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On “impostor syndrome” and “FOBMO” (Fear Of Being Missed Out) – the “Publish A LOT” strategy

Even though English is my first language (contrary to what many people may think because of my name and last names) and I was trained in English-language institutions (The University of British Columbia in Vancouver, Canada, and University of Manchester, in Manchester, England), I have published A TON of Spanish-language journal articles and book chapters. Despite my interest in dialoguing with the global scholarly literature, I always felt that I would be at some point working in Mexico and that I needed to publish in Spanish in order to talk to my target audience.

My publications folder


I thought I’d get A TON of citations by publishing in Spanish. I didn’t. I haven’t. Despite the massive volume of Spanish-language publications I have, I am not as cited in this language as I am in English.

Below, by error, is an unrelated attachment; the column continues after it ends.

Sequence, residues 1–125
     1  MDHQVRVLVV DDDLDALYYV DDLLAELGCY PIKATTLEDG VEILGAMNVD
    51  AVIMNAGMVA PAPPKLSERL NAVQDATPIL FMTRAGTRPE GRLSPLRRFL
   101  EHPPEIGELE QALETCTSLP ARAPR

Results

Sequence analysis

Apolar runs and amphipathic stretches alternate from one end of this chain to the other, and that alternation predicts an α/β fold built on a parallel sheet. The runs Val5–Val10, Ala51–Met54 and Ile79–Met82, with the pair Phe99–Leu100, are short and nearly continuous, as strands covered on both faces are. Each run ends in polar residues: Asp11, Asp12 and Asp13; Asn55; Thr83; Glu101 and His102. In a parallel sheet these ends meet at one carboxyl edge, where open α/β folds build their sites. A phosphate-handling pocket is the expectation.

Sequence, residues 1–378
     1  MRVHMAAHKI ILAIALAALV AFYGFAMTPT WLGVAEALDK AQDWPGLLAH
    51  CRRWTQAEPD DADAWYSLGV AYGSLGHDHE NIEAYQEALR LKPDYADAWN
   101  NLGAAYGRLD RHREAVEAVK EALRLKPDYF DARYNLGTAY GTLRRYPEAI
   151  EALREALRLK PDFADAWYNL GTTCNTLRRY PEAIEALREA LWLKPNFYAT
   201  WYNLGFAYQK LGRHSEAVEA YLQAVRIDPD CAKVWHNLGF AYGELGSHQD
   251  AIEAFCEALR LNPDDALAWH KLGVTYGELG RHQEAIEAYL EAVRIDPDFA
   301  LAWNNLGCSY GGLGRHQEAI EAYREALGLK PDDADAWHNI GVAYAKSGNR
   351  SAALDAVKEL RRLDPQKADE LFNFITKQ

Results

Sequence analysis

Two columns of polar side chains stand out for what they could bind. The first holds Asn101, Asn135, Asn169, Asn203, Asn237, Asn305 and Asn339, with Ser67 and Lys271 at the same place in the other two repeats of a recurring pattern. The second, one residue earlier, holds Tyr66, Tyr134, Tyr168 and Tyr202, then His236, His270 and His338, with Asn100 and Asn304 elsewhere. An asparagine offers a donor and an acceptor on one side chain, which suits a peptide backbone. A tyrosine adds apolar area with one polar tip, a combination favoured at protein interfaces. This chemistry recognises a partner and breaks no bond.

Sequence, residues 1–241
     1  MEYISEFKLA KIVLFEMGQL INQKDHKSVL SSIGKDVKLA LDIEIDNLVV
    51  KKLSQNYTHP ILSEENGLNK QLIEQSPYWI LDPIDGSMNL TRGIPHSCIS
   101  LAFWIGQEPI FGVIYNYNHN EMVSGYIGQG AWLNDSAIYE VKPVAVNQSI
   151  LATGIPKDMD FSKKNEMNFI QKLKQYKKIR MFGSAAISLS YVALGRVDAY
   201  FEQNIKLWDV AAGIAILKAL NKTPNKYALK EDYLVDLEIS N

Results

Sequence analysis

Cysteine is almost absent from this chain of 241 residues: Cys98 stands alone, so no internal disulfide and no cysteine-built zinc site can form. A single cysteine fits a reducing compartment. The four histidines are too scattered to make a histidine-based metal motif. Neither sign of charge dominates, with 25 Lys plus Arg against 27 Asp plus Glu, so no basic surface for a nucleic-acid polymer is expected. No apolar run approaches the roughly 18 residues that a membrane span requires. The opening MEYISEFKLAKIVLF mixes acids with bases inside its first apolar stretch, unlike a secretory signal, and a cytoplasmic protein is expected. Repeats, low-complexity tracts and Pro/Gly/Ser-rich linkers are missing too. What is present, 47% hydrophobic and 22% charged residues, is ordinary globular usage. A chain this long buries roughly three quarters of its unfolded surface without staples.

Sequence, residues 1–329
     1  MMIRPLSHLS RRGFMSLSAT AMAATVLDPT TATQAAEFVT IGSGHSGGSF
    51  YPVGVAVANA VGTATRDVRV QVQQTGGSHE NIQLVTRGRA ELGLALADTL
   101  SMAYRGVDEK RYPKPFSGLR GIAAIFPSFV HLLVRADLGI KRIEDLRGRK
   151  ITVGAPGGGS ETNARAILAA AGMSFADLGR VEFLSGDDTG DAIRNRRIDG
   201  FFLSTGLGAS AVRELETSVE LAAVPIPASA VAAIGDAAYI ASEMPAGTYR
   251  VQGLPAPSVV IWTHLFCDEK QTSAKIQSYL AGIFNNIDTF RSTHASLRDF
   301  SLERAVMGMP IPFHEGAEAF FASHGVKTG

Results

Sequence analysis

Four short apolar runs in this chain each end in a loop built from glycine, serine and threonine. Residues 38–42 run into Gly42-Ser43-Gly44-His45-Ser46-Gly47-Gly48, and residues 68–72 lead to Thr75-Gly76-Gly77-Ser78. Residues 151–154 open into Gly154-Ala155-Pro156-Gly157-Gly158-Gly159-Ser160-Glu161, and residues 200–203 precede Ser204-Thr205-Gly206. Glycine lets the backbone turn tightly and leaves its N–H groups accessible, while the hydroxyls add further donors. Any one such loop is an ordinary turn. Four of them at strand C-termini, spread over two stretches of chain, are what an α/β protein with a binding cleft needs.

For a while there, I didn’t have (in my view) enough publications in this language to show the complexities, nuanced shades, importance and relevance of my work. I felt an enormous sense of FOBMO (Fear Of Being Missed Out). Perhaps it was insecurity, perhaps it was FOBMO, I can’t quite pinpoint how I felt. I tried to articulate my feelings on this Twitter thread.

Again, I used this Twitter thread to reflect on my publication strategy. I can’t say if it is good or bad, but I think that there is value in not letting your own insecurities be an obstacle to your intellectual development. Perhaps I could have used a different publication strategy, I don’t know. But I do know that I sometimes have felt FOBMO. Despite the fact that I have a pretty decent publication record.

google scholar rpv

I strongly believe that losing my FOBMO is partly because I now have a much larger, stronger and robust publication record that shows my intellectual development. Again, this entry is NOT a “this is a strategy I recommend” suggestion but more like a “I wouldn’t recommend this strategy” blog post.

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Posted in academia.

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